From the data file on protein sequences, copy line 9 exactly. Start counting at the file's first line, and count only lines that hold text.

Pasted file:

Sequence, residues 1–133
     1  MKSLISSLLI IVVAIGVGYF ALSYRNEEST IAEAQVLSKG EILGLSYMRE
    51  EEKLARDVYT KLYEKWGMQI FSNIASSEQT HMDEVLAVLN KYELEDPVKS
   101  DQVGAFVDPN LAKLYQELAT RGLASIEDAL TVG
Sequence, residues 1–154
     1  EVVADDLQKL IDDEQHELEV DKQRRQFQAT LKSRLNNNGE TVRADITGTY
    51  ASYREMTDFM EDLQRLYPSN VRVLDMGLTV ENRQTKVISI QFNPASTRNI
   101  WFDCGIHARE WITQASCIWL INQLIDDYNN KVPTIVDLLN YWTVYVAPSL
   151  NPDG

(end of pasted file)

   151  NPDG